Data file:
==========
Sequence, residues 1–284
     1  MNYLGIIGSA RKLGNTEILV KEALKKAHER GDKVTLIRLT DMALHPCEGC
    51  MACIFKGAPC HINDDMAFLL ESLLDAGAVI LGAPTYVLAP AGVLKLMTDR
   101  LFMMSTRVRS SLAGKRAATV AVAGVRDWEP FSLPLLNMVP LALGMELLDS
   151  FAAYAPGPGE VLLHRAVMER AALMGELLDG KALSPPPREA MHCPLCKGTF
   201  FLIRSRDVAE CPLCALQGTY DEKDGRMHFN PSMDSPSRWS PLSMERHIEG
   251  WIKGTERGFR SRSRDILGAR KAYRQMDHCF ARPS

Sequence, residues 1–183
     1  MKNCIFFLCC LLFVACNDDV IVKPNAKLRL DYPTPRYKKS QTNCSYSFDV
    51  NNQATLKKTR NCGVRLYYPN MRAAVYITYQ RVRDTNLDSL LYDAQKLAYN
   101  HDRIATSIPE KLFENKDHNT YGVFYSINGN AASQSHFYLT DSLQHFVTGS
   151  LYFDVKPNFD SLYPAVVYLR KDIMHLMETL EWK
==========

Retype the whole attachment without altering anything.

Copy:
Sequence, residues 1–284
     1  MNYLGIIGSA RKLGNTEILV KEALKKAHER GDKVTLIRLT DMALHPCEGC
    51  MACIFKGAPC HINDDMAFLL ESLLDAGAVI LGAPTYVLAP AGVLKLMTDR
   101  LFMMSTRVRS SLAGKRAATV AVAGVRDWEP FSLPLLNMVP LALGMELLDS
   151  FAAYAPGPGE VLLHRAVMER AALMGELLDG KALSPPPREA MHCPLCKGTF
   201  FLIRSRDVAE CPLCALQGTY DEKDGRMHFN PSMDSPSRWS PLSMERHIEG
   251  WIKGTERGFR SRSRDILGAR KAYRQMDHCF ARPS

Sequence, residues 1–183
     1  MKNCIFFLCC LLFVACNDDV IVKPNAKLRL DYPTPRYKKS QTNCSYSFDV
    51  NNQATLKKTR NCGVRLYYPN MRAAVYITYQ RVRDTNLDSL LYDAQKLAYN
   101  HDRIATSIPE KLFENKDHNT YGVFYSINGN AASQSHFYLT DSLQHFVTGS
   151  LYFDVKPNFD SLYPAVVYLR KDIMHLMETL EWK